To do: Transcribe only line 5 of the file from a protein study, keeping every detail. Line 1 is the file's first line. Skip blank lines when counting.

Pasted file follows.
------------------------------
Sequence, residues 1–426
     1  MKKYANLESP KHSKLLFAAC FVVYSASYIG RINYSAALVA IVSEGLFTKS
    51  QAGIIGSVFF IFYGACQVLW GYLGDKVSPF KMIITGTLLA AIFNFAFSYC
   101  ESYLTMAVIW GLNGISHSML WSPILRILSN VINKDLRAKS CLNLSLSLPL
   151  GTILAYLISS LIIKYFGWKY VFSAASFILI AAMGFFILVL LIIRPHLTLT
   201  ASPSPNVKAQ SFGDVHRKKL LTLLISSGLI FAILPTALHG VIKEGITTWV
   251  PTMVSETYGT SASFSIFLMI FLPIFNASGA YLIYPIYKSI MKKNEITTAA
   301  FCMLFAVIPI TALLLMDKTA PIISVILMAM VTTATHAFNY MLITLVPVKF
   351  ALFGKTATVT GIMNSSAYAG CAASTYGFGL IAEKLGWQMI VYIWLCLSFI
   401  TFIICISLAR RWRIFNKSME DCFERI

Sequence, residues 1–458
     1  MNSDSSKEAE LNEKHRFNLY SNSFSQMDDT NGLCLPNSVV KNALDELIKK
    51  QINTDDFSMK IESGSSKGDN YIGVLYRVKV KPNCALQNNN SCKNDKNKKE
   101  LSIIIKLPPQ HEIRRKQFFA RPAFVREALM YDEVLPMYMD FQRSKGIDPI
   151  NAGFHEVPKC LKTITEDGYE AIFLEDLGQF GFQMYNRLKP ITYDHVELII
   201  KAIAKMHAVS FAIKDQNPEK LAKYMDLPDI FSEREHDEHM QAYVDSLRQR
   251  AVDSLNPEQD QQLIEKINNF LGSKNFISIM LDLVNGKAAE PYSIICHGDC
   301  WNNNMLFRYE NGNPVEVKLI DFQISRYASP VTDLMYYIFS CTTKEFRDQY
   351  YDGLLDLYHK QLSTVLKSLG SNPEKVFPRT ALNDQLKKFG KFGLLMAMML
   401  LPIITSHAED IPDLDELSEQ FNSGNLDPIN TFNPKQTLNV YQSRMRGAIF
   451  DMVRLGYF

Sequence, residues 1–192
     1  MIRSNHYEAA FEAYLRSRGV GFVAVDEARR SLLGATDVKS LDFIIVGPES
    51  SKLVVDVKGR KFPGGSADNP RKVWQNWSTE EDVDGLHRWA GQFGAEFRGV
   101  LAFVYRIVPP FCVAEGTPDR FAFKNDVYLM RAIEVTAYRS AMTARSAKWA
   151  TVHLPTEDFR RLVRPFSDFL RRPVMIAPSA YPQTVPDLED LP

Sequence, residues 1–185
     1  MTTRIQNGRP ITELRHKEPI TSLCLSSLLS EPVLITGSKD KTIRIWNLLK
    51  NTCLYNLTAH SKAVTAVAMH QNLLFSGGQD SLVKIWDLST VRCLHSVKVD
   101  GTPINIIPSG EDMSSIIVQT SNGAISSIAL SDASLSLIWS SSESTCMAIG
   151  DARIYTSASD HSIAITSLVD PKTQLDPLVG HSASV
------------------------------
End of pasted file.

   151  GTILAYLISS LIIKYFGWKY VFSAASFILI AAMGFFILVL LIIRPHLTLT